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Social Media Compliance: 5 Tips for Advisors

Today's social, mobile and Web technologies are changing the way we live and work, including how we give and receive financial advice.

Recent studies show that more than 40% of high-net-worth individuals cite social media as important for accessing information on financial products or services. This creates opportunities for advisors to engage clients and prospects through social media.

However, while many advisors have embraced the use of social media for business purposes, questions remain about the best ways to utilize this form of communication while remaining compliant.

So how should an advisor navigate social media in an increasingly connected world? Below are five top tips on how to be both social and compliant:

1) Actively listen to what your clients and prospects are saying.

A recent Putnam study shows 66% of advisors reported that social media has helped them gain new clients (up from 49% from the previous year). A majority of these advisors are using social media networks such as Facebook, LinkedIn and Twitter to connect and engage with clients and prospects.

Having a social media presence is important, but it shouldn't stop there. Advisors should actively use social media to see what their clients and prospects are sharing online, and reach out with engaging content to help build trust and strengthen relationships.

On social networking sites, it's also important to share relevant and personal content about the advisor to help build strong, trusting connections, and ultimately drive business. Fortunately, there are ways to strike a balance between sharing personal and professional content without going overboard.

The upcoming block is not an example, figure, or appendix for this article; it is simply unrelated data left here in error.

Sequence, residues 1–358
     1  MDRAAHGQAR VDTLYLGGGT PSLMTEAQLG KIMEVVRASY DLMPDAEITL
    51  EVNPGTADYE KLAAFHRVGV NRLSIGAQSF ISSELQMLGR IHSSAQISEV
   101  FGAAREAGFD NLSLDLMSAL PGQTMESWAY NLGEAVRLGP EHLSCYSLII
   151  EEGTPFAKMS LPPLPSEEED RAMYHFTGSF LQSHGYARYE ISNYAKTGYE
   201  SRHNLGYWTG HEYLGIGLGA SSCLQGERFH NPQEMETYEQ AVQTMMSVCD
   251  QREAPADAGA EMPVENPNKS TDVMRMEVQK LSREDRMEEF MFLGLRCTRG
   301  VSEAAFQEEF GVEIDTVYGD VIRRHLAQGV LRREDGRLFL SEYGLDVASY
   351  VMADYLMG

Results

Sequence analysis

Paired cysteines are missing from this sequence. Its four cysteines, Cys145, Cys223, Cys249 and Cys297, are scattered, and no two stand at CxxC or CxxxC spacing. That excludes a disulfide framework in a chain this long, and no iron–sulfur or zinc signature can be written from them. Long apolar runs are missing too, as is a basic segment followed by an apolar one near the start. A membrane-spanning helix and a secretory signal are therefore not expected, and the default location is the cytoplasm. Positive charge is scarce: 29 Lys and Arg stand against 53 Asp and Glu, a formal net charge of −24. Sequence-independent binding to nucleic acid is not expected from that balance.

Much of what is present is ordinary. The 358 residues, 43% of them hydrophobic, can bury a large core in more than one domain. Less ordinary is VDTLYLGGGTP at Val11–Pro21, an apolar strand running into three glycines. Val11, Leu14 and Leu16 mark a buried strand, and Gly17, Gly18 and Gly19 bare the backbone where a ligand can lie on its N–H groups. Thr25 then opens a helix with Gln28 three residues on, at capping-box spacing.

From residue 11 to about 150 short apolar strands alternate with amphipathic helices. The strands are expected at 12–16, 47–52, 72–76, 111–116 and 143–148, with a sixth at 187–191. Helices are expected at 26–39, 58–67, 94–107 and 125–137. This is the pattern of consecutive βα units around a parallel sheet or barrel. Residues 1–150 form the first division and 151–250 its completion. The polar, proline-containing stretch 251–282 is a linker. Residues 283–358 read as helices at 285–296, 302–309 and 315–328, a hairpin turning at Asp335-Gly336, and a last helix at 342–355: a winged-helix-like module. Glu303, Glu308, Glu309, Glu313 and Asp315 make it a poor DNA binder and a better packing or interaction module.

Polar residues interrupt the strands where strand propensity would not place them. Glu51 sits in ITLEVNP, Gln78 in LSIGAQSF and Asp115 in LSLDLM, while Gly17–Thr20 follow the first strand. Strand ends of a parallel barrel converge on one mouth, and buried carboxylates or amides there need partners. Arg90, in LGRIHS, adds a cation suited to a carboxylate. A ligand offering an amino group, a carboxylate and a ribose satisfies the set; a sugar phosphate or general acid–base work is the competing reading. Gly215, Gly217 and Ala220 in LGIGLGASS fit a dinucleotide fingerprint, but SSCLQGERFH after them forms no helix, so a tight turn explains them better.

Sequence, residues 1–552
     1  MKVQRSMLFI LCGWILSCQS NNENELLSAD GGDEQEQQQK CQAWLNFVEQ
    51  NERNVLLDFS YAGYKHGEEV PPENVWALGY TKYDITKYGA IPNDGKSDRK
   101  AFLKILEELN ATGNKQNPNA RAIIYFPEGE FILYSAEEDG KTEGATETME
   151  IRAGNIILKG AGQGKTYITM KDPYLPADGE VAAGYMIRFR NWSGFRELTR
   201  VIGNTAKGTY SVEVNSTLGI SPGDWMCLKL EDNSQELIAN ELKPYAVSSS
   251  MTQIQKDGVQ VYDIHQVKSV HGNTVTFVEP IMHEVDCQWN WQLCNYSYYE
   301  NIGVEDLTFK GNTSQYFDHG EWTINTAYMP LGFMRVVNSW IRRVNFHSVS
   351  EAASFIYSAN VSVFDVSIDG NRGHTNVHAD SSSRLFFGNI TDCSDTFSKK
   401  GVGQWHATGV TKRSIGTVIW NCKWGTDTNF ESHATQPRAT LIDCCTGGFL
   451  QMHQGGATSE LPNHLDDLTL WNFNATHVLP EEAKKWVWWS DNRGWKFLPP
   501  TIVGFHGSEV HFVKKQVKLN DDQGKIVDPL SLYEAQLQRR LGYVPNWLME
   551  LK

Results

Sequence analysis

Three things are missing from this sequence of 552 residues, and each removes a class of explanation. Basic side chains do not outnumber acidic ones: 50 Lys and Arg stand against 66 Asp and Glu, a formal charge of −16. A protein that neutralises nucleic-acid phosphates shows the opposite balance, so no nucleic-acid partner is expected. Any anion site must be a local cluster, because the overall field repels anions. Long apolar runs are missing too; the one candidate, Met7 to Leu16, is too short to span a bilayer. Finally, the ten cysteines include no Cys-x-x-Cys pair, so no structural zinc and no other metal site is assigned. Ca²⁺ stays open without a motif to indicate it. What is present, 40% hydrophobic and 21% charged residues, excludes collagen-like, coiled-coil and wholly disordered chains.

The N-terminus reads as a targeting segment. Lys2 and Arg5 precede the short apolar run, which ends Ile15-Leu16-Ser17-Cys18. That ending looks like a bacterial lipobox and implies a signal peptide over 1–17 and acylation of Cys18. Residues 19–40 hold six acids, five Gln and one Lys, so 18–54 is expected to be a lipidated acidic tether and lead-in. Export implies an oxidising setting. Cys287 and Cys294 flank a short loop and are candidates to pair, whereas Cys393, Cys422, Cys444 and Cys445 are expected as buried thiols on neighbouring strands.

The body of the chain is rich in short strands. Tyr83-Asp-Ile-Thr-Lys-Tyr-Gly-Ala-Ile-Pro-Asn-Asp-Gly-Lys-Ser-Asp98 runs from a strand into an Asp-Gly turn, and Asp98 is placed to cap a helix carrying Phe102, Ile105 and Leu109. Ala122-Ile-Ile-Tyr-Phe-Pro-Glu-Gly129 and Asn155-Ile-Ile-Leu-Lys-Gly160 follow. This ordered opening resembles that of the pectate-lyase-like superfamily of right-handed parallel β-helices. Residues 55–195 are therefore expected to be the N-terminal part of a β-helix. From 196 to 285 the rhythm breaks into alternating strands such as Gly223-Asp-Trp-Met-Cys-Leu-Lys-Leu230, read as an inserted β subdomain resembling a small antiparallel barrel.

2) Plan for social media accordingly.

To reap the full benefits of social media, it's important to plan and account for compliance, legal and branding issues as a whole. Here are some key points to keep in mind as you integrate social media plans into your business strategy:

  • Know your firm's social media policy, and seek out training and education opportunities around social media at the firm level.
  • Understand your firm's overall risk-based principles.
  • Leverage your company's existing technology solution for content retention and retrieval.

3) Avoid endorsements and recommendations about your skills, products or services.

Advisors should avoid retweeting any tweet from either a securities research analyst or a client who is providing a testimonial about the advisor's performance or a product or service of the firm.

Advisors should follow these best-practice guidelines:

  • Disable the endorsement feature on your LinkedIn profile.
  • Don't accept recommendations.
  • Add a note to your profile stating that you do not accept endorsements or recommendations.
  • Be aware that third-party content you push out or link to may be considered your own content.

4) Know the compliance rules for social media "likes."

Here's where things can get tricky. Whether a "like" or "favorite" is compliant under SEC guidance depends on context. A "like" from a third party may simply indicate that a visitor enjoyed an article that was shared on your social account, whereas a "like" that an advisor solicits as an indication of a client's experience with the firm may be construed as a testimonial – and the latter does not comply with the rules.

5) Be cautious when linking to third-party sites.

According to the SEC guidance, advisors should not link to reviews or commentary on third-party social media sites (such as Yelp) unless they can show all three of the following:

  • The advisor has no ability to affect which public commentary is included or how the commentary is presented on the independent social media site.
  • The commentator’s ability to comment is not restricted.
  • All comments, both good and bad, can be viewed publicly.


It's important to remember that use of social media platforms for connecting and engaging with clients is meant to simplify your job and help make your business goals more impactful. Given the rapid changes from within and outside of the industry, it is equally important to remain effective and compliant while using social media.

Yasmin Zarabi is the vice president of legal and compliance at Hearsay Social, the predictive social suite for advisors and agents.

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